Our colour coded stakes ready for shipping to Greenland.

The scientific data we collect will be published and presented at scientific conferences, and used to demonstrate the potential of this untapped method of data collection.

Please do get in touch if you want to find out more and get involved in future expeditions.

1972 pic
Collating results during the expedition in August 1972.

Expedition Food

Food, food, glorious food…

All our food needs to be shipped out 2 months before we arrive in Greenland – coming up with a menu has not been an easy task. Our requirements include:

  • Best before date beyond the 4th May
  • High calorie, low weight
  • ~4500kcal/day/person
  • Edible when frozen
  • Suitably packaged
  • Requiring only the addition of hot water

A freezer test was conducted to ensure all the food we’d selected would be ok when frozen! Mars bars were struck off the list!

The freezer test

After much discussion we finalised our menu a couple of weeks ago. We decided on having dehydrated packs for evening meals and our own menu for breakfasts, snacks and lunches as a compromise between ease of cooking and cost.

Our extensive menu, day by day

We have gone for three varieties of breakfast on a rotation, based on porridge, granola and cereal bars. Snacks consist of chocolate bars, nuts, cheese biscuits, pork scratchings, peperami, pretzels, snack bars and sweets. Lunches will mainly be oat cakes, primula cheese, jerky and cuppa soups.

5 people, 31 days

Shopping for all these items has been more fun than we’d imagined. 5 different supermarkets and 9 shopping visits later, we have purchased all our food. Trolley loads of unhealthy food raised several eye brows especially in January (the detox month!).

Banana chips and peanuts individually packed

To save us having to divvy the food up each day in the freezing cold in Greenland, we thought we’d make up ration packs at home.  Hopefully all our preparation upfront will prove beneficial! Weighing out individual portions of porridge, snacks etc. is quite time consuming but will be worth it. We now have 3 different ration packs A, B and C to provide variety, which will be handed out each morning…simples!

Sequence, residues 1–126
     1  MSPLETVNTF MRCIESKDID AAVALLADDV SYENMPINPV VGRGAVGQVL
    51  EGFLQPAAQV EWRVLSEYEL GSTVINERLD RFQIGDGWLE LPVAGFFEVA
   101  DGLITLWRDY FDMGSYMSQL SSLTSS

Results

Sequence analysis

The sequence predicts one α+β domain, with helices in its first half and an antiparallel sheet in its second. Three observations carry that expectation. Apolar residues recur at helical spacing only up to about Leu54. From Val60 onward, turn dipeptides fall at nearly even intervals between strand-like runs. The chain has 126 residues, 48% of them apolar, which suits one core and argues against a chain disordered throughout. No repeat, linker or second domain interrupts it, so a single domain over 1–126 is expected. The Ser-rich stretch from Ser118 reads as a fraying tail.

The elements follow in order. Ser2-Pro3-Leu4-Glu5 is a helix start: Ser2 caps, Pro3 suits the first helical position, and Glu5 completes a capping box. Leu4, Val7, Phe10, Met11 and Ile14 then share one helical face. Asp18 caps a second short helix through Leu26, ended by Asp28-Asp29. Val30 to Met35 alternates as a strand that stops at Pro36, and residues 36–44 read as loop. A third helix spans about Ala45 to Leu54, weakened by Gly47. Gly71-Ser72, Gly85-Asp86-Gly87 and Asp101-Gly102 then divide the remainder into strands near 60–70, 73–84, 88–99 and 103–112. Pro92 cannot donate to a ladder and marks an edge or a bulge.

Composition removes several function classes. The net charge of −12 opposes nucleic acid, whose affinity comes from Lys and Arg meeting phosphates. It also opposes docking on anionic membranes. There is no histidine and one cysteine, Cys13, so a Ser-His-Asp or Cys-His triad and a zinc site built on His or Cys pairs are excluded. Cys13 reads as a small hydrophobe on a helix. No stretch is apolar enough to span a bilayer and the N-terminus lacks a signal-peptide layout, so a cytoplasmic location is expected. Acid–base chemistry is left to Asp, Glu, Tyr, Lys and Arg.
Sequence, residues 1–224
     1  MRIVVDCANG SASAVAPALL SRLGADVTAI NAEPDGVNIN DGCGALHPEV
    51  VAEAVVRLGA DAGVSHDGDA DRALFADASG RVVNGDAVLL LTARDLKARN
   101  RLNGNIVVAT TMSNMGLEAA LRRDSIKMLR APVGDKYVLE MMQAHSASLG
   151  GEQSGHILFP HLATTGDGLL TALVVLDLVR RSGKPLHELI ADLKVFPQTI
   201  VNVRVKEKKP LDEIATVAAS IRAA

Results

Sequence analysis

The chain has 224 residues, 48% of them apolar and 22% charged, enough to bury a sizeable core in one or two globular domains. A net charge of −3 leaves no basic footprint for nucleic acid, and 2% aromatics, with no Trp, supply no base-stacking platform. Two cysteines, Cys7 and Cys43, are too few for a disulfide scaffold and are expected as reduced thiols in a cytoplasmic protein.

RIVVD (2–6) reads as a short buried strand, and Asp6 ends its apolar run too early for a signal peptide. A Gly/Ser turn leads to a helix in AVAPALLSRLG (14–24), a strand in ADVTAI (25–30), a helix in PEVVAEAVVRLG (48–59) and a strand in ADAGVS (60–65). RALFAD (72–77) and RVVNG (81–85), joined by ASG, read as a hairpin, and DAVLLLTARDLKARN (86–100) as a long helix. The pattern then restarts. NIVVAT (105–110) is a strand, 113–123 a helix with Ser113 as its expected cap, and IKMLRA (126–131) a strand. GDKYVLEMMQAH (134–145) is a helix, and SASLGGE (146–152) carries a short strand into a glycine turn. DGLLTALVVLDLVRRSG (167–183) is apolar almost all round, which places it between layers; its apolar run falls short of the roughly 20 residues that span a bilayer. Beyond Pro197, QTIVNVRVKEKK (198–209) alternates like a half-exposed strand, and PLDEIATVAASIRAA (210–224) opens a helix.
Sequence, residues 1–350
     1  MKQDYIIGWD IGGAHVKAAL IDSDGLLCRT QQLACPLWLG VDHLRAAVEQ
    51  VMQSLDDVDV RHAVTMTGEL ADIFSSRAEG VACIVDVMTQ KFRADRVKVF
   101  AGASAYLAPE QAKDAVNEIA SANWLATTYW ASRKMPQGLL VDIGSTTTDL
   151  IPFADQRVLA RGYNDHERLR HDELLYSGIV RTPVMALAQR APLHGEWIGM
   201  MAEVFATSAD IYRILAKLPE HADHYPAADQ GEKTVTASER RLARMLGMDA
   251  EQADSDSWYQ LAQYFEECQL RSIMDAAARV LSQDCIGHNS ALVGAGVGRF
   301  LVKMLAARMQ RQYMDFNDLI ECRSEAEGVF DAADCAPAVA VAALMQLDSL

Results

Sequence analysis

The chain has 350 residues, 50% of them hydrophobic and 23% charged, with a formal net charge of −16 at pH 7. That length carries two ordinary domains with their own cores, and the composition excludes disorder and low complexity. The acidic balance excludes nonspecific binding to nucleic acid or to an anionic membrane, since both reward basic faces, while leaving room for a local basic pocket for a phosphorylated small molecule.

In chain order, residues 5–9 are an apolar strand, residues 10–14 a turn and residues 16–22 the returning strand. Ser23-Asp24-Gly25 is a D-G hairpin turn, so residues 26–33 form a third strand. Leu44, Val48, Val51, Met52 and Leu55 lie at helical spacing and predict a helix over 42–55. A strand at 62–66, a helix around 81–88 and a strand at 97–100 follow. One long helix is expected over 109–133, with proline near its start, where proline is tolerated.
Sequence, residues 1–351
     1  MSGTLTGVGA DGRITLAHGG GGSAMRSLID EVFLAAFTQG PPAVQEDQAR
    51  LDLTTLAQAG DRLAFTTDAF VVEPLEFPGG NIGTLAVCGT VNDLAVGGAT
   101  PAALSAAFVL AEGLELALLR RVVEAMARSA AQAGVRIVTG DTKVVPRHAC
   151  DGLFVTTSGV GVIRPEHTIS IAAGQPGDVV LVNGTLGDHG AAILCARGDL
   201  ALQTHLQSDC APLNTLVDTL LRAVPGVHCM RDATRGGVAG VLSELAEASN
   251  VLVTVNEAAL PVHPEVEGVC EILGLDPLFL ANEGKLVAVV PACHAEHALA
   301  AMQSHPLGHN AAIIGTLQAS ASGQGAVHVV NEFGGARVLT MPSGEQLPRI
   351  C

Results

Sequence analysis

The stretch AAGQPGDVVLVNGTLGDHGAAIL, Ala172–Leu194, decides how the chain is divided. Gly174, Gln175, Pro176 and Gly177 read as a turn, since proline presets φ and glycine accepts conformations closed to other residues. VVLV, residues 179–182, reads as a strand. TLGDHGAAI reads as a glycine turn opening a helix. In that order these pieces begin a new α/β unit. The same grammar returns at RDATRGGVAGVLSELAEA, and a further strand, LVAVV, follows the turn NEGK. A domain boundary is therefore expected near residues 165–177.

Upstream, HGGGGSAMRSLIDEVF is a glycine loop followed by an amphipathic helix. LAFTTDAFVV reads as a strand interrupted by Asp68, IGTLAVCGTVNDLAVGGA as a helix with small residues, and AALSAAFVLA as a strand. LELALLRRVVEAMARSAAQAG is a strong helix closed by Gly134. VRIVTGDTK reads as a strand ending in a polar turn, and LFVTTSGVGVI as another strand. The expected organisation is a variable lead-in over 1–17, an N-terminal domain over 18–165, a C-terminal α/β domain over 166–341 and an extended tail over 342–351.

Ration packs

Our dehydrated packs have arrived in the post, so we’re all set to go! It’s becoming more real day by day.. Exciting times!

Dehydrated food packs

I think we’ll be craving fresh fruit and veg when we get back…

Finalising our Gear for shipping

Time off over the festive period has been put to good use with finalising our equipment & food lists and redistributing kit from all over the country to our temporary gear store in Loughborough.

Santa must have been tipped off about our up and coming trip to the Arctic and as we’ve all been good boys and girls he was very kind this year! The general theme was insulation – thick socks, thermos flasks, mitts, sleeping mats etc. Our shipping deadline is fast approaching and kit is starting to get packed up which is making it all feel more real now!

Jen has been busy contacting many gear manufactures and organising our equipment and we’re now in possession of a huge box of down goodies! She is also our chief medical officer and has put a comprehensive list of first aid and medical supplies together to ensure we’re covered for most eventualities..

Safety first..
Safety first..

Ollie has been negotiating with several dehydrated food suppliers to get us the highest calorie to weight ratio packs for the best price. The food packs have now been ordered and we have a surprising 9(!) different evening meals. He is also our spares and repairs handyman and has put together an ingenious list of tools and materials to fix any gear that may break!

Thanks to Be-Well for all their help!

Alistair has been getting our science kit together and putting his painting skills to the test! We now have colour coded poles with holes pre-drilled to use as our stakes. He is also sorting out a training camp in Tromso for late Feb…to test out some of our gear and polish up our skills etc.

Science can be colourful!

Jesse has been doing some sums and working out our sea freight logistics. 300kg of stuff needs to leave the UK on 7th Feb (2 months before we arrive in Greenland). What gear can be shipped early? Locating cardboard boxes and crates. Labelling and packing…

Jesse testing out his down sleeping bag and new eye mask!

 Molly has been trawling the supermarkets finding the most calorie dense food and building a menu around our dehy meals. Nuts, oat cakes, chocolate and dried fruit feature in quite high quantities. Between the 5 of us it looks like we’ll be taking a total of about 165kg of food, which equates to circa. 4,500kcal per day!

Powdered tea has been tested (tastes like wet cardboard), it will not be coming with us..!


Merry Christmas and a Happy New Year to all!